Lemon Myrtle Organic - Herbal Tisane
Lemon Myrtle Organic - Herbal Tisane
Brew tea at 212º - steep for 3-5 minutes.
Lemon Myrtle (Backhousia citriodora) is indigenous to the coastal, sub-tropical rainforests of Queensland, Australia, from Brisbane to Rockhampton in a range of altitudes from 50 to over 800 m above sea level. The Sunshine Coast and Proserpine area are identified as main areas of natural strands.
Lemon Myrtle is a superb "tea" product that is used as an herbal infusion on its own as well as a delicate flavoring in specialty tea blends when blended with black, green or other herbal teas. Lemon Myrtle tea has enjoyed huge success in international tea markets. The superior flavor profile of lemon myrtle as well as its appeal as an alternative to lemongrass has resulted in its success as a tea product.
Baron Ferdinand von Müller named Backhousia citriodora in 1853 after James Backhouse (1794-1869), an English nurseryman and keen botany collector. Backhouse was an early Quaker missionary who visited Australia in 1832-8, documenting the unique Australian flora and fauna as well as writing about Australian society during that era.
In 1889 Joseph H. Maiden reported the potential use of Lemon Myrtle for commercial production and Schimmel & Co analyzed the species in 1888 for chemical properties, isolating citral for the first time. Other 'lemony' essential oils come from citrus (3-10% citral), lemon grass (75%), the tropical Verbena (74%), the Lemon Scented Tea Tree (80%), but Lemon Myrtle is the world's richest known natural source of citral (90-98%).
Harvesting of the Lemon Myrtle leaf occurs nine months of the year, excluding the three months of monsoon season from January to March. The fragrant leaf is then dried in hot air dryers specifically designed to dry the leaf efficiently and hygienically without damaging the leaf's natural essential oil composition. Consistent quality product is available throughout the year.
Australian Lemon Myrtle is grown, harvested, and processed from plantations of 1.4 million trees, grown without the use of pesticides, and is certified organic. Strict hygiene standards are maintained during all production processes to ensure a consistent, clean, quality product. The lemon myrtle is 100% natural, is not solvent extracted, is not irradiated, and does not contain synthetic ingredients, preservatives, artificial flavors or artificial colors. Lemon Myrtle is not only a popular infusion for tea drinkers; its leaves provide a great source of lemon flavor for cooking, and it has even found its way into cleaning products. Lemon Myrtle soaps, lotions and potions, lip-balms and body butters, shampoos and shower gels are becoming increasing popular. The first washing powders and cleaning agents are on the market not only in Australia but also throughout the world.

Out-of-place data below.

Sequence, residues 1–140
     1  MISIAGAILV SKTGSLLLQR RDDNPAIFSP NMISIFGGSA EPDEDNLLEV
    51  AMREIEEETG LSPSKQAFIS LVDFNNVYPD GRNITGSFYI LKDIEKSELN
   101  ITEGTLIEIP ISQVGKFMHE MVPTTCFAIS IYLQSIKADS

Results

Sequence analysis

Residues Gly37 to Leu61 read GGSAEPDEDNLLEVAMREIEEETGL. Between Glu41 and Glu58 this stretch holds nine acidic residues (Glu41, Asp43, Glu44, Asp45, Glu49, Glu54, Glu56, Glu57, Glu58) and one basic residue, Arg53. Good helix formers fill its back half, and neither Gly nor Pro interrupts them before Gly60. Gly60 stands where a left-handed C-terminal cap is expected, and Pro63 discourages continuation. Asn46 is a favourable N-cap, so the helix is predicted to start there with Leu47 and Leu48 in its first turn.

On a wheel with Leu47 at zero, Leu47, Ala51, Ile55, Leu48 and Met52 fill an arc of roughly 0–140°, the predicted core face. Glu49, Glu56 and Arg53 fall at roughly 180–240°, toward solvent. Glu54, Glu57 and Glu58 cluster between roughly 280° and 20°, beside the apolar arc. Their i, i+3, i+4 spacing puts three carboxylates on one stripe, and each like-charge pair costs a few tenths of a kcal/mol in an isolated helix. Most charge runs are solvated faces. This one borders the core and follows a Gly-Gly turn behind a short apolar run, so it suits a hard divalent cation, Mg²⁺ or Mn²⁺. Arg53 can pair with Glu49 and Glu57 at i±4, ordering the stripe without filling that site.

Properties of Australian Lemon Myrtle
- Australian Lemon Myrtle is the world's richest known natural source of citral (90-98%).
- Caffeine free
Standard infusion - 3 cups daily, prepared as an herbal tea. Steep for 5 minutes.
Lemon Myrtle in cooking
Typical Use - Add to breads, pancakes, scones, muffins, butter cakes, cheesecakes or breads. Mix into hot cooked rice over fish or chicken.
Helpful Hints - Extremely versatile flavoring. Oils are volatile and can dissipate with heat so best added as a post-preparation seasoning or cold formulated.
Lemon Myrtle bread:Mix 1 teaspoon of lemon myrtle into the bread mix before pouring it into your bread maker.
Lemon Myrtle bread stick: butter bread and sprinkle lemon myrtle on top, wrap and heat.
Lemon Myrtle scones:Mix lemon myrtle with your flour before you proceed with your favorite scone recipe.
Lemon Myrtle tea:Infuse lemon myrtle leaves in hot boiling water for 5 minutes.
Lemon myrtle goes very well with chicken and fish, whether applied in the cooking process or as a marinade. For Thai style lemon rice dishes, use brewed lemon myrtle "tea" in place of water when making rice.Baked Tofu with Lemon Myrtle Herbal Tisane
1 block extra-firm tofu, well pressed
1 Tbsp + 1 tsp. Tamari
1 tsp Lemon Myrtle, organic
1 Tbsp olive oil
1 Tbsp lemon juice
1 tsp toasted sesame oil
1/2 tsp chopped ginger root
1/2 tsp sugar
1/2 tsp basil
1/2 tsp thyme
Press any excess water out of the tofu. Slice into 16 identical sized slices (roughly 1/2" thick). Place in a shallow baking dish.
Combine the Tamari and Lemon Myrtle in a small bowl and microwave for 30 seconds. Add the remaining marinade ingredients and whisk. Pour over the tofu. Marinate for 1 hour (on longer) turning half way through to completely coat the tofu pieces.
Preheat the oven to 400 degrees. Bake for 10 minutes then flip the tofu and bake another 15 minutes. Turn the broiler on Low and broil the tofu on both sides until golden.
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